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Re: RM and abstract syntax trees

From: Marshall <marshall.spight_at_gmail.com>
Date: Thu, 01 Nov 2007 03:35:46 -0000
Message-ID: <1193888146.598668.286650@v29g2000prd.googlegroups.com>


On Oct 31, 6:20 pm, David BL <davi..._at_iinet.net.au> wrote:
> On Oct 31, 11:55 pm, Marshall <marshall.spi..._at_gmail.com> wrote:
>
>
>
> > On Oct 31, 5:53 am, David BL <davi..._at_iinet.net.au> wrote:
>
> > >From these integrity constraints we can deduce that joins used to
> > > traverse down through the AST give us back precisely one tuple in the
> > > result set.
>
> > I have to give you credit as the best educated, best argued
> > "the RM doesn't work well here" arguer I've seen. And in
> > fact you've picked the one example I've wanted to look
> > at for a while now: parse trees.
>
> > But I still don't agree with you. Not yet anyway.
>
> > > I find it interesting that LISP and Prolog have far simpler integrity
> > > constraints. RM is trying to *emulate* pointers, and the shoe
> > > doesn't fit too well.
>
> > If we are using nested structures, then the structure itself
> > provides the integrity.
>
> Exactly, that's what I was trying to say. My somewhat vague notion
> is that the RM representation loses that simplicity because it is *too
> flexible* - hence the need for complex integrity constraints

Sure.

It is a general engineering truism that a solution designed for some specific narrow purpose may be better *at that purpose* than something general purpose.

So it's no particular surprise that a structure of heterogeneous trees will model an application (parsing) of heterogeneous trees.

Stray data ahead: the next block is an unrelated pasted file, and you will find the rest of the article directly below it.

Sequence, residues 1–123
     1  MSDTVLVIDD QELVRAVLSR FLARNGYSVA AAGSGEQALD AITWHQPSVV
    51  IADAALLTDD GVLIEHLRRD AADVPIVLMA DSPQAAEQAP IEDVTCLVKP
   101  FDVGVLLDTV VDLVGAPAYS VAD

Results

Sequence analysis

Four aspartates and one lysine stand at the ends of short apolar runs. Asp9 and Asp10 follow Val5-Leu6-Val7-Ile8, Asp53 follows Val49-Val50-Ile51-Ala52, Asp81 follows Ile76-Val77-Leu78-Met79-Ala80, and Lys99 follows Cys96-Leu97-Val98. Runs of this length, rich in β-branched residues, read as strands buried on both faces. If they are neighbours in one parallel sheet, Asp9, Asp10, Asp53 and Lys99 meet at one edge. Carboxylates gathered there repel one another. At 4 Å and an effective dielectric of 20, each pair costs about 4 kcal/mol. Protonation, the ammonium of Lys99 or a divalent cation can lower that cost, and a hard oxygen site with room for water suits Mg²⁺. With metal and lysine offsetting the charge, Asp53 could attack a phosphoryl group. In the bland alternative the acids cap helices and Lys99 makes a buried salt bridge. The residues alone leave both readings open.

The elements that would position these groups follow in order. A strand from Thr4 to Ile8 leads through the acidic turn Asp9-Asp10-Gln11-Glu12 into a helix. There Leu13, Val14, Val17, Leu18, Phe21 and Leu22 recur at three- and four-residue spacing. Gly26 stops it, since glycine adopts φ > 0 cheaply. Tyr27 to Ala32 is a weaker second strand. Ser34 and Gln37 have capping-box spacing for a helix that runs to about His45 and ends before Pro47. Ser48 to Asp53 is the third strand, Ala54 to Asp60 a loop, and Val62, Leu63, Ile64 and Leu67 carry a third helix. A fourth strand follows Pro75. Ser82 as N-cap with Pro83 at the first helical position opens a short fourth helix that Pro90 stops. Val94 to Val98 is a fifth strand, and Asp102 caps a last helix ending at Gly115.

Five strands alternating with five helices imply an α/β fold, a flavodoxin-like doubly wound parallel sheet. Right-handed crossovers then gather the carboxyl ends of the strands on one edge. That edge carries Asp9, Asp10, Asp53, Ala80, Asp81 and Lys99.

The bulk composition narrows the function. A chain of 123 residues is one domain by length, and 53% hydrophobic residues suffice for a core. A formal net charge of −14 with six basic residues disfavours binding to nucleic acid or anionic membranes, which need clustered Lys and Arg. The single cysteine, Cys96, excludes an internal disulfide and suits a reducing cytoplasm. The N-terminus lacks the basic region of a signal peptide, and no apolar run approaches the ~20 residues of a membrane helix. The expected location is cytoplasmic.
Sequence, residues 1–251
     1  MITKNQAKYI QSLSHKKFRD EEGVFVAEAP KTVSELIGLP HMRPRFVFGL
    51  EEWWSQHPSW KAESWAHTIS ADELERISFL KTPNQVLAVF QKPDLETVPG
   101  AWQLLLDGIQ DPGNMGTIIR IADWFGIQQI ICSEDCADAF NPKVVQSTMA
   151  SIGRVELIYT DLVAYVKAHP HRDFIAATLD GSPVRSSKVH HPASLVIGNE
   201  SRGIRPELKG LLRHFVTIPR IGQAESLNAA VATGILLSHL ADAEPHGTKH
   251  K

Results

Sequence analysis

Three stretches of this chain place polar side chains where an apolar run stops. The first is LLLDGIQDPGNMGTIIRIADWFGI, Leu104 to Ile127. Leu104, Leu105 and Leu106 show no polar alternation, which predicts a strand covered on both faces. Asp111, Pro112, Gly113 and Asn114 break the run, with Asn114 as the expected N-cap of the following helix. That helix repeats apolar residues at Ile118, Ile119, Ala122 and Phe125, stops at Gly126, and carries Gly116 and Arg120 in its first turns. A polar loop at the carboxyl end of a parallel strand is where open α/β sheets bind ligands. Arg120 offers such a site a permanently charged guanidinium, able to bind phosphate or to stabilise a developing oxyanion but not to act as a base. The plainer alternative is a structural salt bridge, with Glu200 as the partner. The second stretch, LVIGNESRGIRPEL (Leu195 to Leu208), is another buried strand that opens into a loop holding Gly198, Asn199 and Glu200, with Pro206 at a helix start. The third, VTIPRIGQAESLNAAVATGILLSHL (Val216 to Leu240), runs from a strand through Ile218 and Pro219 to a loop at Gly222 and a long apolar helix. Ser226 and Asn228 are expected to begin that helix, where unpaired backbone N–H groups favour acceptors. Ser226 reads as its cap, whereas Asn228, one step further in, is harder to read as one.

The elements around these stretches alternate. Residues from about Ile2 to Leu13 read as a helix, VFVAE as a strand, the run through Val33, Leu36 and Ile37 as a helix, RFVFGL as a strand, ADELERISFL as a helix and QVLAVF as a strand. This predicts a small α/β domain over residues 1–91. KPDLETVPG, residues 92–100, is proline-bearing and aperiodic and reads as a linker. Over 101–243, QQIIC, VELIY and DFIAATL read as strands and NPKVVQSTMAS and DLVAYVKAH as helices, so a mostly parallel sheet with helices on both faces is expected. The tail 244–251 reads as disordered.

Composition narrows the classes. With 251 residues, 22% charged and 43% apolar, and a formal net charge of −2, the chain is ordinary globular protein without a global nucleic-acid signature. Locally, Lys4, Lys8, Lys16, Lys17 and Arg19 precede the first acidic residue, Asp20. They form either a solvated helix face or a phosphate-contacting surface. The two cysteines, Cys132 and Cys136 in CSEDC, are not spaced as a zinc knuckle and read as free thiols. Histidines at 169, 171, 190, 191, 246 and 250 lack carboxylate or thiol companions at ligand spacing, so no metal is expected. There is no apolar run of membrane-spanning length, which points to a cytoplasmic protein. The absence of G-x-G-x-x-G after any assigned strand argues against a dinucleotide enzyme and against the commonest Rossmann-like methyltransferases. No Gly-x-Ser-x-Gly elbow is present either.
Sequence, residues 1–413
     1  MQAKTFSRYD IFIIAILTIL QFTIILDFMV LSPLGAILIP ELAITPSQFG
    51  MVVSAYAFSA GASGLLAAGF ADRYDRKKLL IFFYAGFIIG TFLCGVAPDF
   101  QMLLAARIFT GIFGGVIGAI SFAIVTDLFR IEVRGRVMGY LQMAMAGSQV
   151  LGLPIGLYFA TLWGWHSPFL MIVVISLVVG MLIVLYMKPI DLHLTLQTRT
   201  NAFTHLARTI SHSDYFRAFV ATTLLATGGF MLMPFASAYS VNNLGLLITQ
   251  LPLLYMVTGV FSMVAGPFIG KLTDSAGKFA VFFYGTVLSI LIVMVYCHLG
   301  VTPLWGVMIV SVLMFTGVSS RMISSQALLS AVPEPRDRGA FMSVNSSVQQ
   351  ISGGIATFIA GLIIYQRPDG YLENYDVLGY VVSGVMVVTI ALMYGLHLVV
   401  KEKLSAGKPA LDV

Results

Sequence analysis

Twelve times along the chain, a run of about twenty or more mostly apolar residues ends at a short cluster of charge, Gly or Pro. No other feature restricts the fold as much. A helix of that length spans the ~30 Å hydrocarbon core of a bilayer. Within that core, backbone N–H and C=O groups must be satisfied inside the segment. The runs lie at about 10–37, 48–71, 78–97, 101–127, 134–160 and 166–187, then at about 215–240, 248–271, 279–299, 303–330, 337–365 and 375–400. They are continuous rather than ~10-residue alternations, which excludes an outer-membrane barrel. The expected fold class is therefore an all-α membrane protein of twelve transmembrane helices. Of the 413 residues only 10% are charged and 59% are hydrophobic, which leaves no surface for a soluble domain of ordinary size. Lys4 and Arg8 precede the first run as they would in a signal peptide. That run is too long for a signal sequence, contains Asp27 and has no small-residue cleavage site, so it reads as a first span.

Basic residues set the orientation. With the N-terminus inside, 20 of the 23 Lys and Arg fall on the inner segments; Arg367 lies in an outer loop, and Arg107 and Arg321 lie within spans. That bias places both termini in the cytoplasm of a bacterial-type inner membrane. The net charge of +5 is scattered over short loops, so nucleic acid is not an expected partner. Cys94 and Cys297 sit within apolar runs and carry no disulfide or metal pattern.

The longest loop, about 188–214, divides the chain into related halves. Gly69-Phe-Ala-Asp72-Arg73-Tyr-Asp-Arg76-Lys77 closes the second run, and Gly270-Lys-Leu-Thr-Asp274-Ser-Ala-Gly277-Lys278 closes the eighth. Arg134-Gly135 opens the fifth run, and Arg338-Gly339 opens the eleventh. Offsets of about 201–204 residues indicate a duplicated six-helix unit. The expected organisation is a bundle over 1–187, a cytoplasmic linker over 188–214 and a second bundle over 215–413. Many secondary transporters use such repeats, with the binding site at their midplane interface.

We might prefer a general solution still, for general reasons. And I think we will also find that at least some queries are going to be easier with a relational approach even so. Off the top of my head ... oh, I dunno. Dump all the symbol names or something.

> > Your conception of the RM is too narrow. There is nothing in
> > the RM that precludes nested structures, nor union types.
>
> I assume you are referring to the idea of using complex domain types.
> My understanding is that C.J. Date "weakens" 1NF to the requirement
> that for a given tuple, an attribute name is mapped to a *single*
> value, without imposing any restrictions on how "atomic" that value
> should be. In other words, 1NF is vacuous because it is implied by
> the definition of tuple. Quite rightly, there doesn't appear to be
> any formal way to define what "atomic" means.

That was what I meant by nested structures, yes.

Actually, Paul had a pretty good take on atomic just now: it means the relational operators can't decompose them. As has been said a bunch of times, the only operation the RM requires on attribute domains is the equality test.

I also mentioned union types, which could also be included into RM (as a scalar type generator.) However lately I suspect that this doesn't really add all that much if anything.

> This is rather vague, but to my way of thinking, the scope of RM/RA
> concerns the relations and tuples and whilst it has access to the
> operators on the domain types (and most importantly equality
> testing), the domain types are nevertheless to be treated as outside
> the scope of RM.
>
> Were you thinking specifically about RVAs?

Yes, and union types.

Marshall Received on Wed Oct 31 2007 - 22:35:46 CDT

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